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|JF2018||Brexit and the Veterinary Profession: Animal Health, Welfare, Superbugs and Superfarms with John Fishwick, President, British Veterinary Association||The veterinary profession makes a huge contribution to UK society, to food safety, public health and well-being and of course to animal welfare. Our likely departure from the EU in March 2019 throws into sharp focus some of the issues facing the profession. It is vital that we retain a robust and highly skilled veterinary workforce going forward, and that animals continue to have the very highest standard of welfare. Doors open 7.30pm. Ticket price includes a glass of wine.||11 May 2018 19:45||50|
Brexit and the Veterinary Profession: Animal Health, Welfare, Superbugs and Superfarms
John Fishwick MA VetMB DCHP DipECBHM MRCVS
President, British Veterinary Association
For many people their vet is someone they may see when their beloved pet or horse is unwell or needs its vaccinations. But veterinary surgeons work in many areas of life from clinical practice, be it first opinion practice or a specialist referral centre, to research and teaching, to the armed forces and civil service and the abattoir. The veterinary profession makes a huge contribution to UK society, to food safety, public health and well-being and of course to animal welfare.
The European Union has a huge influence on the veterinary profession with most of our animal health and welfare legislation coming from the EU and many of our vets and veterinary nurses having trained in the EU. Our likely departure from the EU in March 2019 throws into sharp focus some of the issues facing the profession. It is vital that we retain a robust and highly skilled veterinary workforce going forward, and that animals continue to have the very highest standard of welfare.
We will be considering some of the challenges the profession currently faces; how we maintain a resilient veterinary workforce, how we how continue to maintain the very highest standards of animal welfare in both our pet animals and animals kept for food production. We will be looking at how vets influence the health and wellbeing of farmed animals throughout the whole food chain from farm to farm and attitudes to super farms. How do we maintain vigilance for guarding against both new and more familiar diseases? No one can be unaware of the massive issue of antimicrobial resistance and the rise of superbugs which threatens us all. We will be considering what the role of vets is in this is a global issue and how this fits in to the concept of One Health which now dominates thinking across human and animal health.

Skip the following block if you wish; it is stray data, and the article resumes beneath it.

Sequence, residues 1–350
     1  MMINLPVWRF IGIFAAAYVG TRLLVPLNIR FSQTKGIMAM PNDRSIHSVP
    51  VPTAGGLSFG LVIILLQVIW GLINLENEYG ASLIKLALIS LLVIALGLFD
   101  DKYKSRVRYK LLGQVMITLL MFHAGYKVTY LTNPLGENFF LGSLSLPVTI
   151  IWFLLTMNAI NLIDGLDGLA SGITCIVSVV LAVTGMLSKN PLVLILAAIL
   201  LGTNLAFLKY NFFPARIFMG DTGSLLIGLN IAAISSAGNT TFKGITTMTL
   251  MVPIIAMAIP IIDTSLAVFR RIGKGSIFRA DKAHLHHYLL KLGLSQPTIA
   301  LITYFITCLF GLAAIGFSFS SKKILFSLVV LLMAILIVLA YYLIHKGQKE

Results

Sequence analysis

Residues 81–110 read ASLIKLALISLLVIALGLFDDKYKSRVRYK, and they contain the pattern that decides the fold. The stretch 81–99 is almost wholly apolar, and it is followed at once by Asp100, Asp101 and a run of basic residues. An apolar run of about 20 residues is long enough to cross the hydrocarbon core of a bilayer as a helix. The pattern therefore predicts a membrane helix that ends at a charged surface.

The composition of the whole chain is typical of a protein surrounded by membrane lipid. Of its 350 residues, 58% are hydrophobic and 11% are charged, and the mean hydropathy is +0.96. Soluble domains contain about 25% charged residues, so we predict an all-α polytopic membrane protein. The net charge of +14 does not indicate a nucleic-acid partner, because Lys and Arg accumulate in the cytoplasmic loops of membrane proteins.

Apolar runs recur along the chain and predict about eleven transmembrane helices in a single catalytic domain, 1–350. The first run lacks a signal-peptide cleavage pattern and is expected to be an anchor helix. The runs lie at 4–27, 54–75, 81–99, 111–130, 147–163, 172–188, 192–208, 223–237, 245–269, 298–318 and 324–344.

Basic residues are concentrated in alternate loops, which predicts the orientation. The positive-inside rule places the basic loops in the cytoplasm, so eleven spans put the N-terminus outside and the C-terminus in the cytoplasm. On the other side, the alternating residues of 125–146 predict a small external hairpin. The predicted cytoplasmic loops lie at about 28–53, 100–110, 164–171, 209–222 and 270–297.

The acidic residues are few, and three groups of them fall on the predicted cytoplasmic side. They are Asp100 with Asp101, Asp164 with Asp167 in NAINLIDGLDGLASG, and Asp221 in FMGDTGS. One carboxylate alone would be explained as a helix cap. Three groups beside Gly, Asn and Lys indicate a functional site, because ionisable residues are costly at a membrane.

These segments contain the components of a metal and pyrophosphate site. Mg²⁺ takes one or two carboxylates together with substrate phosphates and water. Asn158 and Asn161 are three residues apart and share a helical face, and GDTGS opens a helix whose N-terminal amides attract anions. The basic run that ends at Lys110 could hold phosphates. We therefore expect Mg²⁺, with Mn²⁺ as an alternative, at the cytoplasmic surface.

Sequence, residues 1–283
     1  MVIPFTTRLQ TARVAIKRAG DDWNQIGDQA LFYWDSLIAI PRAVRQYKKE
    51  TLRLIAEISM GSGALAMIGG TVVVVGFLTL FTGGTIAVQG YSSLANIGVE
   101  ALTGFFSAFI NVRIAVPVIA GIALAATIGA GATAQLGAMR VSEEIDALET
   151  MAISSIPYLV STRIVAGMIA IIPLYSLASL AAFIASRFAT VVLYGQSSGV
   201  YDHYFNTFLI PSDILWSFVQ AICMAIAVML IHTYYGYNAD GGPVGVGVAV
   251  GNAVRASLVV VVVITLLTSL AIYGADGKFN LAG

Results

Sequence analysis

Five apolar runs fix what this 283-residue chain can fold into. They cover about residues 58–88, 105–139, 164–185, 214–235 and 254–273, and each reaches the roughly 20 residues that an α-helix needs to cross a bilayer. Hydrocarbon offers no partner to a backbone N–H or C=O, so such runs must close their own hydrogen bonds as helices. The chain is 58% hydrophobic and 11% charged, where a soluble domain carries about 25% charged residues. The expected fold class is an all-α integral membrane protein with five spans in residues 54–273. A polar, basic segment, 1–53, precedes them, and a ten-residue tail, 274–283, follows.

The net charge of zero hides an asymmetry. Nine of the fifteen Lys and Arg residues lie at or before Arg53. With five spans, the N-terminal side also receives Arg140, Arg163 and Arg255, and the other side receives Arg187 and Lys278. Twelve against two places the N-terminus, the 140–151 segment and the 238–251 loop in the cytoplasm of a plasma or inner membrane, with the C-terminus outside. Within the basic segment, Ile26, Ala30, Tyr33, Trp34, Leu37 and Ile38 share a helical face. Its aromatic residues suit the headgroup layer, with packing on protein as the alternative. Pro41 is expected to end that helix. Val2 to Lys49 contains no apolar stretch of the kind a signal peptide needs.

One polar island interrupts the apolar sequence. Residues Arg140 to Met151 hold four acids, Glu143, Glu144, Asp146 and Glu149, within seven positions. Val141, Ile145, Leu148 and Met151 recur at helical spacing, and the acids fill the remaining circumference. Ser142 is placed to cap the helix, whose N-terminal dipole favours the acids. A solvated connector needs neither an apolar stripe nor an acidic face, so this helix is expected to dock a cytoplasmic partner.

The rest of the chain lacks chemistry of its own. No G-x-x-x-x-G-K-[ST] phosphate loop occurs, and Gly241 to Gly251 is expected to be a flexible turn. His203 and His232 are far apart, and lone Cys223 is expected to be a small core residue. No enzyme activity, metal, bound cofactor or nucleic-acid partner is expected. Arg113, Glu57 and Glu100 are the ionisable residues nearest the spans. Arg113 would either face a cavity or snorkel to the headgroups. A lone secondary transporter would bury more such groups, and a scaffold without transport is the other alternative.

John is a veterinary surgeon who holds the post of Senior Lecturer in Dairy Herd Medicine at the Royal Veterinary College, University of London. He is currently President of the British Veterinary Association. He is a UK Recognised Specialist in Cattle Health and Production and a European Specialist in Bovine Health Management.
He is an alumnus of St John’s College Cambridge qualifying as a vet in 1985. As an undergraduate he conducted a survey of the black Rhino population in the South Luangwa National Park in Zambia working on foot with anti-poaching units. He spent several years in practice dealing with all the main species in Cheshire and Essex before moving to the Royal Veterinary College in 1990 to run the university’s farm animal teaching practice. In 1997 he relocated to Saudi Arabia as head veterinarian to the world’s largest fully integrated dairy company farming over 20,000 high producing cows. He returned to the RVC in 2003 where until recently he was head of the Department of Production and Population Health and head of the Farm Animal Health and Production Group before taking partial leave for his current role at the British Veterinary Association. He has previously been President of the British Cattle Veterinary Association and his local Hertfordshire and Bedfordshire Veterinary Association.